helpmum2003 Fri 12-Jan-18 20:49:12

I'm sorry you feel you couldn't care for your child. Please discuss with your midwife. Could you be depressed?

OlennasWimple Fri 12-Jan-18 20:50:28

Could you try looking after your baby for as long as possible, and only change custody arrangements if your fears are realised?

You might be surprised what help can be available, so please don't dismiss discussing the issue with your MW

Obviously you will need to make the decision that you feel is best for you and your baby, but speaking as both a birth mother and an adoptive mother (whose adopted child was removed from her birth mother two days after being born), the very very best place for your baby is with you, for as long as possible


NeversayNever2 Fri 12-Jan-18 20:56:51

I don't think you can make this decision without having baby first although plan for every eventuality. Your the only smells, sounds movement baby has known for 9 months...
Babies are quite easy to begin with, they sleep loads usually..

creamwoollycardi Fri 12-Jan-18 20:57:58

Yes, I know, but they still need some stuff and the bigger they get the less I’ll be able to provide that. sad

SoftSheen Fri 12-Jan-18 21:01:28

Children cope with all sorts of things but in the vast majority of cases, the best place for a baby is with its mother. Please do talk frankly to your midwife and health visitor, it is their job to provide you with support. They may also be able to make a referral to social services if appropriate.

Also, I don't know your individual circumstances (and they may well be very difficult), but many people feel overwhelmed when faced with the prospect of caring for a baby. However, most people do find their own way, and do cope! If you are proactive in seeking some good support now, then things may feel a bit more manageable. I wish you all the best flowers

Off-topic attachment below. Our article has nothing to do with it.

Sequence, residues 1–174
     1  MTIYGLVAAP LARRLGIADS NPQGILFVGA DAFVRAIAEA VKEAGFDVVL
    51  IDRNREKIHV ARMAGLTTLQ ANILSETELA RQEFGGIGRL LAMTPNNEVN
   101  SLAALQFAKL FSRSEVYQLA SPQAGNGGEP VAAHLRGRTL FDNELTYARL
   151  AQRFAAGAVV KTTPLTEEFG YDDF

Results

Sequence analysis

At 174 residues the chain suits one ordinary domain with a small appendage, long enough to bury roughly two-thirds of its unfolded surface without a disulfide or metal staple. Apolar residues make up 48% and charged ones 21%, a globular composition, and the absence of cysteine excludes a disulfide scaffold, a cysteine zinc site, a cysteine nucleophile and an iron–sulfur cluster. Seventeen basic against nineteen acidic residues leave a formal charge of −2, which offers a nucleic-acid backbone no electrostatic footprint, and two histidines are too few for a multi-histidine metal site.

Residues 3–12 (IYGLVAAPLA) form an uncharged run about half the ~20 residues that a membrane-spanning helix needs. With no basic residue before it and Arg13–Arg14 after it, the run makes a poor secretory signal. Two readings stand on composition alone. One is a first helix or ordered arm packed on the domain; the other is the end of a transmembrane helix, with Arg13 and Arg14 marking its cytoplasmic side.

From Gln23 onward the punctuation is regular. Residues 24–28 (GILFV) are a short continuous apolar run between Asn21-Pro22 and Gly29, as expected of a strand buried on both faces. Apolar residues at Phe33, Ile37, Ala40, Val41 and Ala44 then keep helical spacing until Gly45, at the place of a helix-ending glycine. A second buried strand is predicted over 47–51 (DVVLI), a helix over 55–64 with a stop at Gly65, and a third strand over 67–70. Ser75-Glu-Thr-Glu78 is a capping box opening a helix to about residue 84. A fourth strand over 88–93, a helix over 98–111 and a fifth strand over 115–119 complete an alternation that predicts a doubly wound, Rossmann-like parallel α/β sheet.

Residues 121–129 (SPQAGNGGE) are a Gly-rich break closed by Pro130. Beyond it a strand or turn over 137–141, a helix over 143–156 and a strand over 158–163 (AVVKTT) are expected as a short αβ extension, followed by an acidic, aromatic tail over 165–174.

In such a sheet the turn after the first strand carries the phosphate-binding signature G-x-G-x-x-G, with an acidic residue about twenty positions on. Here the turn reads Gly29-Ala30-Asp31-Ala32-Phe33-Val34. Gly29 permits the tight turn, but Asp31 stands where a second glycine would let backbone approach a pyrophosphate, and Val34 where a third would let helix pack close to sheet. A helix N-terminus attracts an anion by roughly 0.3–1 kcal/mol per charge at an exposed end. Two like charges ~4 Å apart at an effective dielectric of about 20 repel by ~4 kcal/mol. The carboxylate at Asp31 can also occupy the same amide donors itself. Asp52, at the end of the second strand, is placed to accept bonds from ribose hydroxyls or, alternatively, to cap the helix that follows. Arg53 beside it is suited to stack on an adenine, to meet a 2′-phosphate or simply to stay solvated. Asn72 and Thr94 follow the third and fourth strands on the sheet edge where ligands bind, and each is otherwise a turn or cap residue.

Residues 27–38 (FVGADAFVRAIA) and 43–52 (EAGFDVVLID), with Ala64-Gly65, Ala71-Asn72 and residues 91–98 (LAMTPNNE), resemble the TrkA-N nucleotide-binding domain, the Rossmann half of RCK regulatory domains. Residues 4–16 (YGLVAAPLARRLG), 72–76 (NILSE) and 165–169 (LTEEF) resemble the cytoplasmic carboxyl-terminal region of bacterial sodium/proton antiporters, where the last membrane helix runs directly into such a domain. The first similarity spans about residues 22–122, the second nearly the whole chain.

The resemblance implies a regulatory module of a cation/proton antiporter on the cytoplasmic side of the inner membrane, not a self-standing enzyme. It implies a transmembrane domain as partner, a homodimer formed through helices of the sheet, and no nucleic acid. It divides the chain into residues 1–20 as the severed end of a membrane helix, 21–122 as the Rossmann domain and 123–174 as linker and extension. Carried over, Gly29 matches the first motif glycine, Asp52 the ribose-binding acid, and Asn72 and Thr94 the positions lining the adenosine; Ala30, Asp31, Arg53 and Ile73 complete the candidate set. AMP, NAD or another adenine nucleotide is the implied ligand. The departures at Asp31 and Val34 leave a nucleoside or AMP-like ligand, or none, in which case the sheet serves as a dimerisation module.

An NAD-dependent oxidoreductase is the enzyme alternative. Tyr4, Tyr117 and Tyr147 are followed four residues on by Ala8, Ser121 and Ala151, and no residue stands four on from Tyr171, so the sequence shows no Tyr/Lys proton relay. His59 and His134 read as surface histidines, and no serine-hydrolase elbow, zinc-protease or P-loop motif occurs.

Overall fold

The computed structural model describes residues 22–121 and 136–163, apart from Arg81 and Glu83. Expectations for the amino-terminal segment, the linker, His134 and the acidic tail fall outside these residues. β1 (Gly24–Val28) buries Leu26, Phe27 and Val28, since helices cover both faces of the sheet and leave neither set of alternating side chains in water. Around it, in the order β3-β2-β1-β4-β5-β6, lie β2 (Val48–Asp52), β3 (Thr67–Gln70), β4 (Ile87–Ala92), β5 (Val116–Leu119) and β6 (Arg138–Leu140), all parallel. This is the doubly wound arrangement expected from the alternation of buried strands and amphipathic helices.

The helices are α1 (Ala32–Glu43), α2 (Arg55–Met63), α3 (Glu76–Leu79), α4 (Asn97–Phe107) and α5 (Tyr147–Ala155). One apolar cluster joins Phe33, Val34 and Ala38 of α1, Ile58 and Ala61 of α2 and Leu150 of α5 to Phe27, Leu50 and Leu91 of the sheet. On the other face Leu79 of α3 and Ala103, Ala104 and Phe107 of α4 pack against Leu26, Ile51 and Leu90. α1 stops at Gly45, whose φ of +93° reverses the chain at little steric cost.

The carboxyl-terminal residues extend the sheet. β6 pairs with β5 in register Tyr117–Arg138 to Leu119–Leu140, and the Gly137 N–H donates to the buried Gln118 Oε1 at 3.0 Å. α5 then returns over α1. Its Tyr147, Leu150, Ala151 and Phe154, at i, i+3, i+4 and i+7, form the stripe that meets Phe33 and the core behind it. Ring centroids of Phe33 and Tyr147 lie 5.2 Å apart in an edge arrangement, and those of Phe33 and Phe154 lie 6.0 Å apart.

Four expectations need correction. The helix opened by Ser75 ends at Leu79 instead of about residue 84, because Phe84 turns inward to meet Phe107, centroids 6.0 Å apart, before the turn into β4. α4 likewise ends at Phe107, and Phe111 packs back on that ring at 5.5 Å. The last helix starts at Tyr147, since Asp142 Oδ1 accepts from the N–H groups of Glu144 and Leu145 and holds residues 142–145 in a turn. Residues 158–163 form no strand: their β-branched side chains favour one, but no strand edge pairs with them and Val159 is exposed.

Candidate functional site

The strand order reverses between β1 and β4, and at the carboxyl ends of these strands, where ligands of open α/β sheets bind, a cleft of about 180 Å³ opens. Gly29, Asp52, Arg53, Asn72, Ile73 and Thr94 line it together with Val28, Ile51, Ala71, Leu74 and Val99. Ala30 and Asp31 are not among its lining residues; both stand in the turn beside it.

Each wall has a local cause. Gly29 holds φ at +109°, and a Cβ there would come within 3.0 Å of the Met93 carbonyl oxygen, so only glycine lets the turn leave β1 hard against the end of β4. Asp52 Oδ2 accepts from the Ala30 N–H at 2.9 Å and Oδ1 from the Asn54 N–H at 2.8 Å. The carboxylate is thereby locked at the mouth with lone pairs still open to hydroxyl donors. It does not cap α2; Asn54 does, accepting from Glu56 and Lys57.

Mormont Fri 12-Jan-18 21:04:39

If you involve the midwife/health visitor then things could be put in place to support you. You don't know what help there is until you ask. Also social services might help if you are disabled. From the way you are writing it seems like you could be depressed. Please ask for help.

teaandakitkat Fri 12-Jan-18 21:04:41

The longer baby stays with you the better. You are all they have ever known.
In the early days they need food, nappies, clothes and somewhere safe to sleep. Have you got most of that?

Are you worried about being physically able to lift and carry your baby?

creamwoollycardi Fri 12-Jan-18 21:05:49

That’s definitely a consideration tea

It sometimes takes me a long time to be able to move (not always, sometimes I am okay, but it varies)

BarrackerBarmer Fri 12-Jan-18 21:08:30

What do you want, OP?